Looking for that heavenly taste in a teacup? I may have just found it: Angel’s Dream Tea. It’s a flavored tea that evokes thoughts of pancakes and fruit sundaes all at the same time.
Flavoring and scenting teas has been a tradition for centuries, in fact, about as long as tea has been consumed by humans. Some flavored/scented teas are classics, that is, they have been around awhile — such teas as Jasmine Greens and Lapsang Souchong, plus Earl Grey and masala chai. Coming up with a new flavoring combos is the challenge, therefore, to vendors trying to compete in an increasingly crowded marketplace. Lots of vendors are working on new flavorings. You can see their latest results touted on Twitter and Facebook.
Angel’s Dream is a flavored tea that doesn’t drown out the tea taste with the flavorings. The key seems to be the tea “base” — they start with quality teas that can hold their own through whatever gets added to them. Teas from Sri Lanka (Ceylon), Formosa(Taiwan), and Assam(India) are great on their own. In fact, they are some of our favorites, both individually and in blends. The Ceylon and Assam teas can get a bit bitter or astringent on their own, so many folks like hubby and me tend to add a bit of sweetener and even some milk to them. But combined with the Formosa tea and with the added flavors of maple and wild blackberry, that edginess is gone.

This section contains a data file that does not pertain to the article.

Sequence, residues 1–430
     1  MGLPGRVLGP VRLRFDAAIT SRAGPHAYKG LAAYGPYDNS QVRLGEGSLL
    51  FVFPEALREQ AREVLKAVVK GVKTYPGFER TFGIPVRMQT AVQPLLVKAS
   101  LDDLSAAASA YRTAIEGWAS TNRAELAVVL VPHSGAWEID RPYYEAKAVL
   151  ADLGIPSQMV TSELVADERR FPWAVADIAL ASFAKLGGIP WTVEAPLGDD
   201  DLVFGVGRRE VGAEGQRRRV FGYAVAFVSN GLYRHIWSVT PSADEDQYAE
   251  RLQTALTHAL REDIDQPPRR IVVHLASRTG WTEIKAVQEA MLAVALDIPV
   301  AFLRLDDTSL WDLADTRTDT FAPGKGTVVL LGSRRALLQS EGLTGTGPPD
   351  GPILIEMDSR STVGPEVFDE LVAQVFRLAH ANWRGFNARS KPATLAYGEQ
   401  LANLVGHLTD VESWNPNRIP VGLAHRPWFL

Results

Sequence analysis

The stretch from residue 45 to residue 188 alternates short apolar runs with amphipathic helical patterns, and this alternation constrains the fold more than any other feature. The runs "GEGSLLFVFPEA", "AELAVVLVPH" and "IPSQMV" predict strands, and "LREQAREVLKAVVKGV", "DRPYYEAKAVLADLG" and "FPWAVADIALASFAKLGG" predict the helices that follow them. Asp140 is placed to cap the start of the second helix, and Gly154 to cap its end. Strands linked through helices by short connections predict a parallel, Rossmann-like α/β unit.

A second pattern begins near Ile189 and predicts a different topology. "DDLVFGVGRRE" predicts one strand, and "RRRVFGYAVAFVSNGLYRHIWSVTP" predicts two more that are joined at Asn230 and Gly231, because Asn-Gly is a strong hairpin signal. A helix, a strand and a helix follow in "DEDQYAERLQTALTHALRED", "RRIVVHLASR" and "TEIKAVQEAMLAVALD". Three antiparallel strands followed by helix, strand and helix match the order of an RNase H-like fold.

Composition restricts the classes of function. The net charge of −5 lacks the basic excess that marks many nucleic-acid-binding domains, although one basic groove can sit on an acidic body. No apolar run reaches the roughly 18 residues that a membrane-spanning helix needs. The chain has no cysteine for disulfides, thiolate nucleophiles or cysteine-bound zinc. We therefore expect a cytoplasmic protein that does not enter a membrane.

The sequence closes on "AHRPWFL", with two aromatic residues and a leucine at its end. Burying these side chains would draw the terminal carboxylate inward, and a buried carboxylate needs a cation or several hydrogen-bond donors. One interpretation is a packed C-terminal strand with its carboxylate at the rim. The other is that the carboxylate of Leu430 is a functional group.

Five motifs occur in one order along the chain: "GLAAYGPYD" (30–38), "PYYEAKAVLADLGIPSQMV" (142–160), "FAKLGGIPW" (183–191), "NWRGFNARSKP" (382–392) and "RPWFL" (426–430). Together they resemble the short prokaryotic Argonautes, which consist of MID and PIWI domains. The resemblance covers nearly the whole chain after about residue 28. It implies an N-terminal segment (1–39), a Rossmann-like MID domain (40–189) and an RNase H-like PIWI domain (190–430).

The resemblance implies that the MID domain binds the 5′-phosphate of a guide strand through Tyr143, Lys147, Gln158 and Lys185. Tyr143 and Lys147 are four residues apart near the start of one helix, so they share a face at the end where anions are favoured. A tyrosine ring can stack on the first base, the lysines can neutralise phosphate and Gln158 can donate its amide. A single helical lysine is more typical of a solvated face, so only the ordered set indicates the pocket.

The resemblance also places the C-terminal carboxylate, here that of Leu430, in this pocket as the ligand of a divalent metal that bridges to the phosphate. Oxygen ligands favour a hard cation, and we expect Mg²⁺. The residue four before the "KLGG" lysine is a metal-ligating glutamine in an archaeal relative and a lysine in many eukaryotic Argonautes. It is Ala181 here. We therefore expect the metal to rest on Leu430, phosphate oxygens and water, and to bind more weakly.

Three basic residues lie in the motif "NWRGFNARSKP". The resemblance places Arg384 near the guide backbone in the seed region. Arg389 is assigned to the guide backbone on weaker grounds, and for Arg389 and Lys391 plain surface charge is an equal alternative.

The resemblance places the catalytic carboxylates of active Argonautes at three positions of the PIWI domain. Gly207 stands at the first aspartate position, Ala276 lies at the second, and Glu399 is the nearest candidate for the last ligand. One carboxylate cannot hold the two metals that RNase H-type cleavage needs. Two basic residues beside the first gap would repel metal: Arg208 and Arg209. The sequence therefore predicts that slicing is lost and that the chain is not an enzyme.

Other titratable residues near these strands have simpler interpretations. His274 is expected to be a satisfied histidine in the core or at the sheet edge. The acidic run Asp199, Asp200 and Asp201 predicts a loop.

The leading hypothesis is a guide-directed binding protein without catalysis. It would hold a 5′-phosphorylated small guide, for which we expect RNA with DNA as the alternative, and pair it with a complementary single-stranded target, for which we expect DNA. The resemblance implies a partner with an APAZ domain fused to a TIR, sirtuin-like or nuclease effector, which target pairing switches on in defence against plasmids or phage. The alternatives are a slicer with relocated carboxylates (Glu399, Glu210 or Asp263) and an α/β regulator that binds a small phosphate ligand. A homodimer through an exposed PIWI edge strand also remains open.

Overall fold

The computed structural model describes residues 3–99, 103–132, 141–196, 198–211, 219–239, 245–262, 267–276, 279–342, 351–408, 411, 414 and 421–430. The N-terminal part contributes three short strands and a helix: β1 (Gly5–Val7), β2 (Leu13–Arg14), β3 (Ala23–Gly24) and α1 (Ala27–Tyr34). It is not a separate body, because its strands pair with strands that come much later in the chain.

The tea steeps up the way you would most black teas: boiling water and 3 to 5 minutes. Hubby and I steeped it for only 3 minutes, and the liquid and flavor came through fairly strong. We did a second steep for 5 minutes from the same leaves and had a result that was almost as strong as the first but with a more maple-ish flavor. We have found this to be typical of flavored teas. Keep the first steep a bit short. You will still get strong flavor yet have enough left over for a flavorful second steep, and extend that second steep time a bit.
Like most Assam and Ceylon teas, a bit of milk can be a nice touch. Even this flavored version can take some milk in it. Hubby and I tried it that way and found it was very satisfying and dessert-like, like others we have tried.
One final note here: when trying a tea, take a look at the tea leaves after steeping, for they can tell you a lot. In this case, the leaves tell you that this is a broken leaf tea and shows the mix of Taiwanese (Formosan) tea with the others. A good sign!
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